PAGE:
In the last few years, Oman’s Islamic banking sector growth has grown steadily with more recent acceleration, which Fitch Ratings stressed in its latest report on Oman “is likely to continue apace in 2021-2022 following strong momentum in 2020 despite the impact of the COVID-19 pandemic and lower oil prices.”

In fact, Sharia’a compliant financing in Oman grew by 9.5% in 2020, compared with the conventional banks’ loan growth of 2.1%. The growth is driven by demand for Islamic products, support from conventional banks offering Islamic products through their Islamic windows, and regulations supportive of Islamic finance. The demand encouragingly is also driven by young adults and expatriates.

Moody’s Investor Service has also noted the strengthening demand for Sharia’a-compliant financial products in Oman, with Islamic banking assets under management projected to reach 20-25% of total banking assets in the sultanate by 2025. The rapid growth of Islamic banking assets in Oman has outpaced the growth in conventional assets in recent years. “For Omani banks, the growth in the country’s Islamic banking segment will contribute to asset growth and profitability, particularly in an operating environment weakened by the coronavirus pandemic, low economic growth, weak hydrocarbon prices and slowing overall credit demand,’ added Moody’s.

The Central Bank of Oman in a report in June 2021 confirmed that the country’s Islamic banking entities (banks plus windows) provided financing of OR4.5 billion at the end of April 2021, recording a growth of 11.2% year-on-year (Y-o-Y). Total deposits held with Islamic banks and windows increased by 14.7% to OR4.1 billion. The total assets of Islamic banks and windows increased by 11.6% on a Y-o-Y basis to OR5.5 billion and constituted about 14.6 % of the banking system’s assets as at end-April 2021.

Omani Islamic banks are adequately capitalised with reasonable profitability and asset quality indicators, reflecting conservative regulation and relatively low-risk business models. “But payment holidays and flexibility allowing banks not to classify financing as impaired when payments are deferred mask underlying asset quality. We expect the weakening operating environment to pressure profitability and asset quality in 2021-2022, particularly in the real estate, construction and manufacturing sectors,” said Fitch.

However, the sector’s growth potential is high given Oman’s Muslim-majority demographics and low banking penetration. Only 56% of the adult population had a bank account in 2016, with 14% of adults citing religious reasons for not having an account, according to the World Bank.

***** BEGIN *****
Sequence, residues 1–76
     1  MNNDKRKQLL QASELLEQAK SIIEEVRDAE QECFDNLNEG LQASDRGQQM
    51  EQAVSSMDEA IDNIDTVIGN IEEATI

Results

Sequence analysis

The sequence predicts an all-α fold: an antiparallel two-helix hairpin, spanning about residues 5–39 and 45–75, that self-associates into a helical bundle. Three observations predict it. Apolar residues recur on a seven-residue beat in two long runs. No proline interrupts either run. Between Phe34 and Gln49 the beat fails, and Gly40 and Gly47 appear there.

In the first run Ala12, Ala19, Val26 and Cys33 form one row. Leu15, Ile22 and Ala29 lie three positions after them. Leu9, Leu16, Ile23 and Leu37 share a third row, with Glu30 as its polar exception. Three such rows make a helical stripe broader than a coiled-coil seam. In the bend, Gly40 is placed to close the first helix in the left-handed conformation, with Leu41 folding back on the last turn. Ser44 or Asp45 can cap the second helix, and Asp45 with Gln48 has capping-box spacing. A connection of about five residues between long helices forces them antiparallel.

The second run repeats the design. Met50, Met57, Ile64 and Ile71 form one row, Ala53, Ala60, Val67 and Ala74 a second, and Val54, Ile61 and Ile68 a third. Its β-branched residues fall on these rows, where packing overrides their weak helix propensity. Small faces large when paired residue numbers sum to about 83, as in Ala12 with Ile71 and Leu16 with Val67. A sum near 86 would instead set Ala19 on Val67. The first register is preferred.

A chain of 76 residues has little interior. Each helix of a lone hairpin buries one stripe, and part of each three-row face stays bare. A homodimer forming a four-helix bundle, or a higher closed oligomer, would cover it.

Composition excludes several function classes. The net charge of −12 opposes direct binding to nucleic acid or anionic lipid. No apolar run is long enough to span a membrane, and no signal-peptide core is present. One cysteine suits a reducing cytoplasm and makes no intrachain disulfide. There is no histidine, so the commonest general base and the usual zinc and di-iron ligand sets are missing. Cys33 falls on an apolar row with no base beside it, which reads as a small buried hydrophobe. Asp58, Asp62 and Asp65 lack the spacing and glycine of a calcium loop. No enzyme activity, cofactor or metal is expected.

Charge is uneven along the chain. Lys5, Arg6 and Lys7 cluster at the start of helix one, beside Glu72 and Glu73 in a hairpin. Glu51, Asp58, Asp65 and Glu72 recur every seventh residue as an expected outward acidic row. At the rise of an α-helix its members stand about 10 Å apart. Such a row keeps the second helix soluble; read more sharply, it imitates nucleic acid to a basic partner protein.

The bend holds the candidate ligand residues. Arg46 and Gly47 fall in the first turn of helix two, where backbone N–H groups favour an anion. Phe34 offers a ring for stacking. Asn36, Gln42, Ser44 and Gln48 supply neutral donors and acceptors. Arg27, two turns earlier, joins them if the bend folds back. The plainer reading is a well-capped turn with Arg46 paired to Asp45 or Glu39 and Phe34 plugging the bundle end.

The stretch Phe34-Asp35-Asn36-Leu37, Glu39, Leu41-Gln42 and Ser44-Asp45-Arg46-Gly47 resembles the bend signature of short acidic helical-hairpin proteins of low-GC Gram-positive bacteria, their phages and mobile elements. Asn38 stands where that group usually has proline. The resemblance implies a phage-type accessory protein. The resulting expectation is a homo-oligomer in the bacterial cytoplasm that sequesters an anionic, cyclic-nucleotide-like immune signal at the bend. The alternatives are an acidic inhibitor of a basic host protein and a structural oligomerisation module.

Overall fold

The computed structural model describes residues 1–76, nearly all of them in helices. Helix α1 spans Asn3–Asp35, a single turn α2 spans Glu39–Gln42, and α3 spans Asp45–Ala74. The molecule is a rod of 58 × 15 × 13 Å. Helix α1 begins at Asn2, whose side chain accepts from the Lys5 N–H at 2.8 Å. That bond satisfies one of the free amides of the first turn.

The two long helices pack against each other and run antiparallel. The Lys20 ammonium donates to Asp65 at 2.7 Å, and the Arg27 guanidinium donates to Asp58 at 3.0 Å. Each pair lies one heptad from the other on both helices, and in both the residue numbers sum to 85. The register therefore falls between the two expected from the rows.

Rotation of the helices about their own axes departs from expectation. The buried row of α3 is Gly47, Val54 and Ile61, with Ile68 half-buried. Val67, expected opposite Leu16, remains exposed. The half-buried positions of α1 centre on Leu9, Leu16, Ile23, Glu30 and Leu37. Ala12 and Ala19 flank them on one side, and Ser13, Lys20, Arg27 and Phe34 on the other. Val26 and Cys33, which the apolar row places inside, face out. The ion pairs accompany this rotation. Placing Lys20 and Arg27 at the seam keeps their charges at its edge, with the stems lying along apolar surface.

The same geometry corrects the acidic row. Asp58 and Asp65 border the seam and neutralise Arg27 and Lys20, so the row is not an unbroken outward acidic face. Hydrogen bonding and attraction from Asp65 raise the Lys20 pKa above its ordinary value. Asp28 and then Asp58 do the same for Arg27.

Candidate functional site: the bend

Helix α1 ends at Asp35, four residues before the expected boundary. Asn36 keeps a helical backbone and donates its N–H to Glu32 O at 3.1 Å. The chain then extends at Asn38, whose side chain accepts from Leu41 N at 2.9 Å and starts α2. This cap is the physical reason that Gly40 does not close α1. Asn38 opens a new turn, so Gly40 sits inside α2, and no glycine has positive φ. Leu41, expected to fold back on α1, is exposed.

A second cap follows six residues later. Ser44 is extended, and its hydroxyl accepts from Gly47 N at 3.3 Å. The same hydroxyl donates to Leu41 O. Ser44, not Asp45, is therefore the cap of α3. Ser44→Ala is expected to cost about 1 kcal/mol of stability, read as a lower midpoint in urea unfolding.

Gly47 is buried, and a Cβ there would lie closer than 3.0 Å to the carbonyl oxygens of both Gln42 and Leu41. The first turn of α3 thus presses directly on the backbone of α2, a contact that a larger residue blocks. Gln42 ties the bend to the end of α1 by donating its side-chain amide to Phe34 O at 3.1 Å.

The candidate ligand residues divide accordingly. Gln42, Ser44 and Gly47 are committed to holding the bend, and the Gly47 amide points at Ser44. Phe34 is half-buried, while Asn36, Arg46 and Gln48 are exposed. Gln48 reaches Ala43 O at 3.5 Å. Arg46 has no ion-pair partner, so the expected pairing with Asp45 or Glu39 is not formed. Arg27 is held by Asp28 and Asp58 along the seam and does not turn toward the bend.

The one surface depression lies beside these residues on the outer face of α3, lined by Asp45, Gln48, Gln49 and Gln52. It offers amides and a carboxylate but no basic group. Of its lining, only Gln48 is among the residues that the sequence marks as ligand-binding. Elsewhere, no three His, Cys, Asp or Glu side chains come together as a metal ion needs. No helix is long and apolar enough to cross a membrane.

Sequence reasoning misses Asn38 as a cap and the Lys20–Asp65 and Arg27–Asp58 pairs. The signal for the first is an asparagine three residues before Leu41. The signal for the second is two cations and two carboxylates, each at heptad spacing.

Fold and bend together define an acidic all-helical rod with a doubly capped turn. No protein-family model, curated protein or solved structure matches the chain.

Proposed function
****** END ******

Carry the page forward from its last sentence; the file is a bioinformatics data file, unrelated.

The Ministry of Finance is also steadily becoming a more proactive issuer of domestic sovereign Sukuk. Last November, it issued two Omani Rial Sukuk issuances – one an institutional and the other a debut retail offering. According to the Muscat Clearing & Depository ‘Sovereign Sukuk Issue Four’ was issued on 11 November totalling OMR208.1389 million (US$541.3 million) whilst ‘Sovereign Sukuk Issue Five’ was issued on 24 November totalling OMR25 million (US$65.0 million). Both offerings were issued by Oman Sovereign Sukuk S.A.O.C.

Prior to the November issuances, the MoF last issued ‘Sovereign Sukuk Issue Three’ – a Six-Year OMR200 million offering under the OR Sukuk Issuance Programme – on 21 September 2020 at a fixed profit rate of 5.25% per annum payable semi-annually. All three transactions were structured as Sukuk Ijarah (leasing Sukuk) offerings.

The rationale behind the sovereign retail public OR Sukuk offerings is to give ordinary Omani investors access to the capital markets through ultra-retail issuances with low minimum subscriptions. The Omani Rial Sukuk Issuance Programme also forms an integral part of the strategy of the Government to enhance the depth and scale of the overall capital market in Oman, enabling it to play a more vital role in the economic development of country, as well as further developing Oman’s secondary Islamic capital market.